An Examination Of The Tone System Of Fur And Its Function In Grammar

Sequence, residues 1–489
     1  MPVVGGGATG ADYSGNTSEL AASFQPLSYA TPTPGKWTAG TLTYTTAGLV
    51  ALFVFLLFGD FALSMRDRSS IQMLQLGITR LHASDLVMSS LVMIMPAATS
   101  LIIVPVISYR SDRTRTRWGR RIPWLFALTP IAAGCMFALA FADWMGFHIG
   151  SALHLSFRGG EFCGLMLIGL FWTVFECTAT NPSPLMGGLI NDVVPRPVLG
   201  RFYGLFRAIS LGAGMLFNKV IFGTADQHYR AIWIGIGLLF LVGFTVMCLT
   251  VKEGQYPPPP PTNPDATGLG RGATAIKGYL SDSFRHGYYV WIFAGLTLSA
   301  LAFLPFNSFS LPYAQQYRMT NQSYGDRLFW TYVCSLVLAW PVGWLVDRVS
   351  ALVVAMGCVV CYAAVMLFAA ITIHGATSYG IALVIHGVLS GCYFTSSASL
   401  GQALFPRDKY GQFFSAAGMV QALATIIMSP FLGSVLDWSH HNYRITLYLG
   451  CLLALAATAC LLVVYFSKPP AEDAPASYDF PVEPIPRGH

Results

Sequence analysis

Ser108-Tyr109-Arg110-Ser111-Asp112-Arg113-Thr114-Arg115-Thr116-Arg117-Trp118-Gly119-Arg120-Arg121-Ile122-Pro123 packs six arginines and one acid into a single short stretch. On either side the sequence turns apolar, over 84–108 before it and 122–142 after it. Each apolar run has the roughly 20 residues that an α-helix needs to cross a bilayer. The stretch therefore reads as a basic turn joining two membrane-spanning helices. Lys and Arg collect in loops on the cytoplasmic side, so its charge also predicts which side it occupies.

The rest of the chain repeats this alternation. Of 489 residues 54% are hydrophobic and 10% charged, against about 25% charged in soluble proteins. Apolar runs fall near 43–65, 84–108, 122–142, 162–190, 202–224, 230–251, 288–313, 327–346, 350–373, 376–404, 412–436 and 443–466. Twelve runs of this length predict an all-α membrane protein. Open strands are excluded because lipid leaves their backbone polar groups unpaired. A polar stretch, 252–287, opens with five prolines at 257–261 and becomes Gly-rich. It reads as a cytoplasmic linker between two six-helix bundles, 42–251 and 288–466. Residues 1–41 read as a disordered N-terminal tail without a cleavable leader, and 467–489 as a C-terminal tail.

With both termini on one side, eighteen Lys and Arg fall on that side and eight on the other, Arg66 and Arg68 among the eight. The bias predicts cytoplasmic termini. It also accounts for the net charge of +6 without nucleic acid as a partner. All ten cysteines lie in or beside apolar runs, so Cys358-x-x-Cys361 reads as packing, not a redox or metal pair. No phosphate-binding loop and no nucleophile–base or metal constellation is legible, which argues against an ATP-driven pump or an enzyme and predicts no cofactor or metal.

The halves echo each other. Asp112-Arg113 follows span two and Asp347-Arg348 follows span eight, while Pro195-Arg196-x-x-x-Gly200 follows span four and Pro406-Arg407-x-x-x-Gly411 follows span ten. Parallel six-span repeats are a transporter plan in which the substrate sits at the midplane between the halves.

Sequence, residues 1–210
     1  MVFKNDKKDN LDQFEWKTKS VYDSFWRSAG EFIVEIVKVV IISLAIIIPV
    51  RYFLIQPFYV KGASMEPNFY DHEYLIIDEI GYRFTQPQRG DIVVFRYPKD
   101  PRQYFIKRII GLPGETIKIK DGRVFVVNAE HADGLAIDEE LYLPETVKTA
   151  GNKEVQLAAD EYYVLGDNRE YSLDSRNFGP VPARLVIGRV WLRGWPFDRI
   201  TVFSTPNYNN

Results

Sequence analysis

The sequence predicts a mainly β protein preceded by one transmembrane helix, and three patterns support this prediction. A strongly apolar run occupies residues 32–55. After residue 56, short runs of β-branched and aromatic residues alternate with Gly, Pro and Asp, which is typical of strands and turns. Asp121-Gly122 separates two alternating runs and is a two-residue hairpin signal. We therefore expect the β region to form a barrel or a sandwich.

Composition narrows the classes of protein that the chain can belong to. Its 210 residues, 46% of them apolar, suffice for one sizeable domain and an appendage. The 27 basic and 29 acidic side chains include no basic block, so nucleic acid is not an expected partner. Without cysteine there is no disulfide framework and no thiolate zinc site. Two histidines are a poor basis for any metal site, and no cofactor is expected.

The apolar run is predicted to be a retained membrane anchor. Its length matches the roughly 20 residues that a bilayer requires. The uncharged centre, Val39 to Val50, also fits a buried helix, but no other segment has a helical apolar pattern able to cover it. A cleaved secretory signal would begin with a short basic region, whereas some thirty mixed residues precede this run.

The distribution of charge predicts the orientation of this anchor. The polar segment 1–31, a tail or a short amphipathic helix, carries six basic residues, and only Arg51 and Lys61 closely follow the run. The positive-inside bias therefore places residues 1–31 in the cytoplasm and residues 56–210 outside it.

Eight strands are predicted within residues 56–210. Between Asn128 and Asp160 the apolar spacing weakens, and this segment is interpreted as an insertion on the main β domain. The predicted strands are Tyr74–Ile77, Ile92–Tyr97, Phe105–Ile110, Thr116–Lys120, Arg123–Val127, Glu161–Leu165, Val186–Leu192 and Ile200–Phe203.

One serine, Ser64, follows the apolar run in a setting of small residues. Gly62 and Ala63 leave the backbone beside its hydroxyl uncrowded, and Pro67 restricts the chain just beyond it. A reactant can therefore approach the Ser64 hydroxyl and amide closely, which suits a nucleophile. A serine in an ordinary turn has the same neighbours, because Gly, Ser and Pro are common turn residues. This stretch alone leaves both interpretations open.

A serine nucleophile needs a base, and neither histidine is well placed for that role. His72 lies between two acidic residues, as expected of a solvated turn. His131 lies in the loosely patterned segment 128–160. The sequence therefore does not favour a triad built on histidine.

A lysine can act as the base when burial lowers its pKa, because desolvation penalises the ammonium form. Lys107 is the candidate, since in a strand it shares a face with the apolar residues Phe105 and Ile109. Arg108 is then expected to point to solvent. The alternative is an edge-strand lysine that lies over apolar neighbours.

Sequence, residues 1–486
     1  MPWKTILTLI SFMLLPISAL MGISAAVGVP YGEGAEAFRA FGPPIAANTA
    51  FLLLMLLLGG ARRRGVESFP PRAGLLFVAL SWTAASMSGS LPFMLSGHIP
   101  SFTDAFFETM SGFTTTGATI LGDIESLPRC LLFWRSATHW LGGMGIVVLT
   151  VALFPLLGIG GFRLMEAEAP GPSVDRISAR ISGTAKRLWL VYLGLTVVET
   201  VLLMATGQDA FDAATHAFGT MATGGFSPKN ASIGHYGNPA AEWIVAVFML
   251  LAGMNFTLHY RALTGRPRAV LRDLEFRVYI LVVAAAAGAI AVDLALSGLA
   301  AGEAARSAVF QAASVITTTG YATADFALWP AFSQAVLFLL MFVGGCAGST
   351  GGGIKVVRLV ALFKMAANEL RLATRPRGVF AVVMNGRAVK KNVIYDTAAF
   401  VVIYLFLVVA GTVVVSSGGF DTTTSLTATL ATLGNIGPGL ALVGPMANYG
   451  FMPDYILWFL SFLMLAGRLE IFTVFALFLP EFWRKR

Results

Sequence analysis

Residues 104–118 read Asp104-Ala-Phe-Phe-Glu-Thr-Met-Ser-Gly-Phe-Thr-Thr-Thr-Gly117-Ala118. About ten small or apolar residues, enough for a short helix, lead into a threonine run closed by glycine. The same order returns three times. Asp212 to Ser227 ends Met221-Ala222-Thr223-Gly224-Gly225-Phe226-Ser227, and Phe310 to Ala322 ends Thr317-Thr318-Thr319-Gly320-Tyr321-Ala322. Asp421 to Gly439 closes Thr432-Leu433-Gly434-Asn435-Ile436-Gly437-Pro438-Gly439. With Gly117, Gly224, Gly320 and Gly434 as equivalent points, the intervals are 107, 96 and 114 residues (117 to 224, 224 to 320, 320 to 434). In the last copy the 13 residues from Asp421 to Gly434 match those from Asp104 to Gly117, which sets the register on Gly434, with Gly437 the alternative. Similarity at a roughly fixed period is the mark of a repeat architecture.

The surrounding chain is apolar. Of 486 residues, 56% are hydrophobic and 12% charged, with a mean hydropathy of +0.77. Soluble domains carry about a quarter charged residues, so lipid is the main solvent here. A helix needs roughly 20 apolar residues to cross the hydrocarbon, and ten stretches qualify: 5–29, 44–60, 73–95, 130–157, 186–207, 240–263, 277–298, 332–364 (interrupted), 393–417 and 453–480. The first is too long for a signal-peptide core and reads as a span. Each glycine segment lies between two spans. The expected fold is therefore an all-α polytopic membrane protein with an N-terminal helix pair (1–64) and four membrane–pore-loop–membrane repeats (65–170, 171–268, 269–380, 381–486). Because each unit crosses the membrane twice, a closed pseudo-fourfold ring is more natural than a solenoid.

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This research into the tonal system of Fur and its grammatical functions began with several basic assumptions. These assumptions were based on the excellent prior research by Jakobi (1989), and Kutsch Lojenga and Waag(2000). These assumptions were: 1. Fur is a register tone language with two tones L and H. Contours on LH and HL are possible. 2. Tone makes lexical distinctions in Fur as exemplified by examples such as: 'desert' úrì 'sheep' úri 3. Tone also functions in the grammar of Fur. Tone is used to differentiate the nominative and locative forms of nouns and the attributive and predicate forms of adjectives. The purpose of the research was to take this knowledge and study two aspects of the Fur language in greater detail. These two objectives were as follows: 1. A reexamination of the tone system to determine if Jernudd's claim (1983) of a three tone system was possible. 2. An investigation of two previously known functions of tone in Fur, that of tone change in the formation of locatives, and tonal difference between attributive and predicate forms of nouns, in light of the results of the new evaluation of the tone system produced by the first objective. 3. A study of a new function of tone in Fur grammar discovered during this research, namely a tonal difference in [±human] objects of verbs based on their semantic roles. Through elicitation of data from Subject A, a native speaker of Fur residing in Arlington, Texas, and analysis of the data using Fo Pitch Trajectory Plots, the aforementioned topics are investigated.